By Pushkala Aripaka
(Reuters) -Ladbrokes owner Entain reported higher first-half profit on Thursday buoyed by the Euro 2020 soccer tournament, which the British gambling company called its biggest sports betting event yet.
Previously known as GVC, the company also saw a rise in online net gaming revenue, reporting in July its 22nd straight quarter of double-digit growth as people turned to the internet for entertainment during lockdowns.
The London-listed company also launched a cost savings programme to help it invest in its platforms and to drive expansion. Entain expects to save 100 million pounds in 2023, and invest roughly the same amount over three years.
Entain, which owns the bwin, Coral and Eurobet brands, and in April bought European groups Bet.pt and Enlabs AB, has plans to double investment in its game development studios as it increases its focus on online betting.
For the six months to June 30, underlying core profit rose 12% to 401.1 million pounds ($556 million), Entain said.
The sector is recovering from a year of cancelled sporting events and shuttered retail betting shops because of the pandemic. Provided COVID-19 restrictions continued to be eased, Entain said it would be “in a position to recommence a dividend”. In April last year, it withheld its interim dividend and has not declared one since.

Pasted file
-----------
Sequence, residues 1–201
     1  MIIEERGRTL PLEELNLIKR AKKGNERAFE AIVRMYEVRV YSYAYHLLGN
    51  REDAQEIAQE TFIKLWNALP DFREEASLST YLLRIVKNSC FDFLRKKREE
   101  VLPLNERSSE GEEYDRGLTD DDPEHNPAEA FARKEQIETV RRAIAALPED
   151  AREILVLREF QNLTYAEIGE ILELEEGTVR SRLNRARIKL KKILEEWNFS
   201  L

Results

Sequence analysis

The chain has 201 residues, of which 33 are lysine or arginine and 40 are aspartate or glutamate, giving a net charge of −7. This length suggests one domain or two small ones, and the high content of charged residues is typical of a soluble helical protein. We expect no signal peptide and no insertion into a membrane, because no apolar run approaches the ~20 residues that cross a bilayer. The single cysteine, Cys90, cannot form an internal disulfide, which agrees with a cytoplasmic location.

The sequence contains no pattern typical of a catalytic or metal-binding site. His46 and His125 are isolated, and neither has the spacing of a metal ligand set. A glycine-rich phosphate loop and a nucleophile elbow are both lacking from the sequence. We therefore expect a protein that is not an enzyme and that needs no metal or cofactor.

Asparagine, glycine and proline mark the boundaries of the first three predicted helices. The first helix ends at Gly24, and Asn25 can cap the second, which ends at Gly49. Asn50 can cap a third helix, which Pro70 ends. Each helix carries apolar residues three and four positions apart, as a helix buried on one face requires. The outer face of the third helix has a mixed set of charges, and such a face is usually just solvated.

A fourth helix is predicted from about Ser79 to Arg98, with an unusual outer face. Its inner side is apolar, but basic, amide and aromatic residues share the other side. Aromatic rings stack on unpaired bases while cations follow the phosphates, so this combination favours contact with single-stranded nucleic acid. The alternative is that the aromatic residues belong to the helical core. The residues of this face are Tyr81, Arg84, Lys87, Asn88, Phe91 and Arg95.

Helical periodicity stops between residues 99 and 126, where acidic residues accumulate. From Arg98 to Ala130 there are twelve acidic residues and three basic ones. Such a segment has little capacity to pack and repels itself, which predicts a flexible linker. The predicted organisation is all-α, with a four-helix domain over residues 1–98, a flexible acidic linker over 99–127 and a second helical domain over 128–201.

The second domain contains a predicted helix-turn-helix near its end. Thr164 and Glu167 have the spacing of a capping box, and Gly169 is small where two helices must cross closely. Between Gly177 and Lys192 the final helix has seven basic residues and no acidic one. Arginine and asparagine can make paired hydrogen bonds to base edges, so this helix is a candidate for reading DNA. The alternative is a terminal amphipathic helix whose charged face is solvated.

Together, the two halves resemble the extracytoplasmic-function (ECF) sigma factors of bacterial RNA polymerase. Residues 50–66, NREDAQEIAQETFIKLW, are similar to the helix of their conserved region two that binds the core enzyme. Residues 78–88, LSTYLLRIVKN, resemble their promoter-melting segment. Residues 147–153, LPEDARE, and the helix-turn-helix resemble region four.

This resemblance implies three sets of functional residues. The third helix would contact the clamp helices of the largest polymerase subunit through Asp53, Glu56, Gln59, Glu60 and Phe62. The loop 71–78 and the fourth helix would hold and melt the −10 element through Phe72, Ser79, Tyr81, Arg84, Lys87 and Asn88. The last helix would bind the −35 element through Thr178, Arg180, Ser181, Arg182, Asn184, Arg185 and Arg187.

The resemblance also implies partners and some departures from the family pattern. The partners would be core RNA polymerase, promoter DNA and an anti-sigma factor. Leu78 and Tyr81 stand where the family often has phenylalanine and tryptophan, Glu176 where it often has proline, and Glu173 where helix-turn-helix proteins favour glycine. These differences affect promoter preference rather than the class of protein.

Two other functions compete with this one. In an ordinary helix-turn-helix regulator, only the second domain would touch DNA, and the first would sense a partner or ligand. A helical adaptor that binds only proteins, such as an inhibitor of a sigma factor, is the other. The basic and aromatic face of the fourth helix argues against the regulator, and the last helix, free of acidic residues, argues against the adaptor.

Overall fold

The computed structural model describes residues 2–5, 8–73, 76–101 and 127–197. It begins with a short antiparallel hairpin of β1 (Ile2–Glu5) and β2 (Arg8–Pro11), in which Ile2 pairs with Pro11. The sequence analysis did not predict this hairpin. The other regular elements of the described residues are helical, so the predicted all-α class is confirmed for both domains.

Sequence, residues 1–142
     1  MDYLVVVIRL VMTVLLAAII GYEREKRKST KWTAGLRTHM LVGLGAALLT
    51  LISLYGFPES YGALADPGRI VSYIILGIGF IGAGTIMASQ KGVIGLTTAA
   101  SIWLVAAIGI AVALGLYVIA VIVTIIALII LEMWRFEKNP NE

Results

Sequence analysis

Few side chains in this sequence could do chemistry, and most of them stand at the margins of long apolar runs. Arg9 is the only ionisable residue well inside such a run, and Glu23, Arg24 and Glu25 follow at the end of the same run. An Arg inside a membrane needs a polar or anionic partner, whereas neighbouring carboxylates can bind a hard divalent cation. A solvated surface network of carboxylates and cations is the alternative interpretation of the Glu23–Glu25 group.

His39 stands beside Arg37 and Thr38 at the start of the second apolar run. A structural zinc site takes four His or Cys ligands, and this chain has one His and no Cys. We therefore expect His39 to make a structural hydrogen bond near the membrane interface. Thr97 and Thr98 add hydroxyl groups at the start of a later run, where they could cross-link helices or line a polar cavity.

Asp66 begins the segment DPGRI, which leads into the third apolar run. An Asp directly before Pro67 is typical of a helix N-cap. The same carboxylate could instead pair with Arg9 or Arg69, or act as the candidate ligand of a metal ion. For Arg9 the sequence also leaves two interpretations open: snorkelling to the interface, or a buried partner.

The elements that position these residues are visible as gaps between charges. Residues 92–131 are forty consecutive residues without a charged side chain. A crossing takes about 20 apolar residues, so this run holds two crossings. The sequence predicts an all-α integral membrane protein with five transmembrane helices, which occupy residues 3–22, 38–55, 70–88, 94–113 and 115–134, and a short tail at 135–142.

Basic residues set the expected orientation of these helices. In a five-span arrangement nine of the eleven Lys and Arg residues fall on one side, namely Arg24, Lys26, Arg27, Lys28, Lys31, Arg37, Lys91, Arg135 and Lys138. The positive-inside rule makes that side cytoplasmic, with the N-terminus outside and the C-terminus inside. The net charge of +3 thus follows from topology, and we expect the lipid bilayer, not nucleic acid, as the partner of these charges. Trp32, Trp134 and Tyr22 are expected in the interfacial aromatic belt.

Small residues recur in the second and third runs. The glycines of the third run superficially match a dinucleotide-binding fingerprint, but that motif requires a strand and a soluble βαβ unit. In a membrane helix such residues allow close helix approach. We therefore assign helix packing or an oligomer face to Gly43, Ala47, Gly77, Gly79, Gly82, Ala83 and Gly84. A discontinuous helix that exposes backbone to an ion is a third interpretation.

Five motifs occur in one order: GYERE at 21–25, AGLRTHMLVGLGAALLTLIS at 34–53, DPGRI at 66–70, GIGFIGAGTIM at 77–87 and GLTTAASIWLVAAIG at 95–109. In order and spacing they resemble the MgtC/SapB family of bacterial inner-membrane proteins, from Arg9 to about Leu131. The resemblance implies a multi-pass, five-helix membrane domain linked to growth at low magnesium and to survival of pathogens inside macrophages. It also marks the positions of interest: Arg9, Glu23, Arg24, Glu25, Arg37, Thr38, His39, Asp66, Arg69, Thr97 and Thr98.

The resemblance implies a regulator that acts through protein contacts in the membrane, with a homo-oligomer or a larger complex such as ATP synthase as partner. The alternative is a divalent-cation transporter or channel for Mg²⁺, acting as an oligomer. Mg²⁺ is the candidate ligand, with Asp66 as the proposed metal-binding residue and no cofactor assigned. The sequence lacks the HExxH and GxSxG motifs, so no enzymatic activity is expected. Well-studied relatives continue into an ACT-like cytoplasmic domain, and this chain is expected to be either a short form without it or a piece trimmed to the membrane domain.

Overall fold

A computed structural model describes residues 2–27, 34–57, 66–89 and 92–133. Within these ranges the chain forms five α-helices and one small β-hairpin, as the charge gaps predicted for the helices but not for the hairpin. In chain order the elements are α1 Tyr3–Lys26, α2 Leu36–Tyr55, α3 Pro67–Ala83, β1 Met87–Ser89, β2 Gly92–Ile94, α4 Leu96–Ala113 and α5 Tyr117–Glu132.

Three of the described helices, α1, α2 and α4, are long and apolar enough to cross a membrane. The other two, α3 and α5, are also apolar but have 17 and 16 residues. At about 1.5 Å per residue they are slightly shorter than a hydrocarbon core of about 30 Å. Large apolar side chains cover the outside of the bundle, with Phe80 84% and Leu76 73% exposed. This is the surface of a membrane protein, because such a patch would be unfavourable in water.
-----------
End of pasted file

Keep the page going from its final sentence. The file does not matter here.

Entain’s joint venture in the United States with casino operator MGM Resorts has also performed well, and it said it expects to be operational in around 20 U.S. states over the next 12 months.
Following the first-half update, Entain said it was confident of its prospects for the rest of the year and maintained its forecast for 2021 profit of between 850 million pounds and 900 million pounds.
The Euros ran into Entain’s second half for a few days.
Entain said it would hold an investor event later on Thursday to outline plans for its business, including “growth opportunities,” without elaborating further.
Entain’s shares had risen about 74% this year, but fell 0.7% to 1,951 pence by 0738 GMT in volatile trading.
($1 = 0.7211 pounds)
(Reporting by Pushkala Aripaka in Bengaluru; Editing by Shounak Dasgupta and Barbara Lewis)